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Termination And Remedies Notes

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Topic 6: Termination and Remedies
? Duration and Expiry of Employment Contracts o At common law, either party to an employment contract may bring the contract lawfully to an end by giving notice to the other party. The contract itself should state what the parties' obligations are with respect to giving notice of termination. o A contract an end in any of the following ways
? By prearrangement e.g. when a set date is reached, or a task is finished, or a particular event occurs
? By one party exercising a unilateral right of termination
? By mutual agreement between the parties
? By the employee abandoning their employment; or
? By operation of some legal rule o Difference notice requirements for different types of contracts
? Fixed term:
? Generally, no notice requirements in fixed term contracts
? If an employer allows an employee to work on past that date without putting a new fixed-term contract in place, they will be taken to have agreed to the employment becoming indefinite. The employer may then have to give 'reasonable notice' in order to terminate the new contract.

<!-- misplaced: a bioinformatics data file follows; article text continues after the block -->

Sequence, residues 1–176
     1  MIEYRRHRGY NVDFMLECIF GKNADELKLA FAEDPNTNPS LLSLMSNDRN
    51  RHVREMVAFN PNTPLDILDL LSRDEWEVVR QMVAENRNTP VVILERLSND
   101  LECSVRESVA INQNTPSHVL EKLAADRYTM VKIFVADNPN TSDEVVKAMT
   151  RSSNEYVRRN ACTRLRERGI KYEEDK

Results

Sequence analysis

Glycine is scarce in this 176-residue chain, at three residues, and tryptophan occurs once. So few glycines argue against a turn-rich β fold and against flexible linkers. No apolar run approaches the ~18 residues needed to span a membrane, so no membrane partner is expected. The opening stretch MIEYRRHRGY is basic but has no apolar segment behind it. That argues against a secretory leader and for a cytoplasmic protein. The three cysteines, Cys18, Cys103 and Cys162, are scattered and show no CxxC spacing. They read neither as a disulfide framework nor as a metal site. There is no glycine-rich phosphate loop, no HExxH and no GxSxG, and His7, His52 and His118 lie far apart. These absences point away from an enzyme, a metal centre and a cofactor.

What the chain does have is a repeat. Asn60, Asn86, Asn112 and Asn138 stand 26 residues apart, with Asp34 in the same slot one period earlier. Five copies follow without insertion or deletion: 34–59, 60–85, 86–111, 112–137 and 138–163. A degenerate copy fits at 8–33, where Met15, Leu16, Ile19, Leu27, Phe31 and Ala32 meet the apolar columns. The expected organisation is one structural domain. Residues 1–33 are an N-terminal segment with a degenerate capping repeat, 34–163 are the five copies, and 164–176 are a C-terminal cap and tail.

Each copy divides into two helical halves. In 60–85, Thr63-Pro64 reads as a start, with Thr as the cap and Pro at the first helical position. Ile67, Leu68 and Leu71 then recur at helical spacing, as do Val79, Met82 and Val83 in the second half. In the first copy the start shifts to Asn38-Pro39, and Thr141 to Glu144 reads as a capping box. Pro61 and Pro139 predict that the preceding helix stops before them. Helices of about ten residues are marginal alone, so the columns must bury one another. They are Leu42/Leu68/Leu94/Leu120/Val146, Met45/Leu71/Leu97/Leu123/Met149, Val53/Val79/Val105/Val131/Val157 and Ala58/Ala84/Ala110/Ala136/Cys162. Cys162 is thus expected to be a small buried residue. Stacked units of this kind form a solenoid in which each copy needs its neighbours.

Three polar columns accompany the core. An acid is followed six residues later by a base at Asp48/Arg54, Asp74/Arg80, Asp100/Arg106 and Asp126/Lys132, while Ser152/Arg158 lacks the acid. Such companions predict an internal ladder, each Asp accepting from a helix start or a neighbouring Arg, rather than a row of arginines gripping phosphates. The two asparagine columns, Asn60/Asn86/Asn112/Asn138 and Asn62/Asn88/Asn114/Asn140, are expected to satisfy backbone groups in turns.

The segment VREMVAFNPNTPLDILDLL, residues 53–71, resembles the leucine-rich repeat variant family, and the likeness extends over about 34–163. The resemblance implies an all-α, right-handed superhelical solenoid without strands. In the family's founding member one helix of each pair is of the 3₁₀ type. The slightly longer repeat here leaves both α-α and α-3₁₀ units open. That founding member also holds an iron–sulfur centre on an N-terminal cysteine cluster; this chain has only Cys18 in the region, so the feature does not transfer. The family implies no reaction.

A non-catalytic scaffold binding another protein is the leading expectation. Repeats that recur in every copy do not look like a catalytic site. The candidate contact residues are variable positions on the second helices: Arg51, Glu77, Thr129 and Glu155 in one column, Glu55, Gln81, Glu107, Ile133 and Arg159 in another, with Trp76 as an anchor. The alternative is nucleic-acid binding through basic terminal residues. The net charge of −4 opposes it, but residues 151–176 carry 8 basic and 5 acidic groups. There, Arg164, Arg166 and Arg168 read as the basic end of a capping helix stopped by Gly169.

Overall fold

? If it is a length contract, may be sensible to stipulate that it can be terminated by notice, but if this is not included it will not be implied.
? If the contract has retirement date, it can be a fixed term contract
? Continuing contracts need notice requirements
? Casual employment (review)
? Notice will not apply to casual employment o Abandonment/frustration
? If you walk away, abandoned it, only entitled to work you have done and any unclaimed leave
? Frustrated: e.g. if they go to prison. Or equipment failure. Nowadays expressly provided for by stand down provisions o Probationary periods
? In some cases a probationary period can be viewed as a fixed-term contract, in other instances it can be construed to mean that the employee has a continuing engagement from the outset, and the employer may be able to terminate at the end of the probationary period only if certain procedures are followed

? Notice of Termination o What is 'giving notice' of termination?
? Either party telling the other that they are bringing the contract to an end at a particular date in the future. o What notice needs to be given?
? Parties are bound by express term in contract (unless less than FWA standard
- see s 117)
? At common law, if there is no express term, then reasonable notice must be given. However this will only apply if the FWA does not apply.
? If they fall under FWA and have no express term, FWA will apply
? If the express term is longer than FWA period, the employee has a CL right to enforce that longer notice period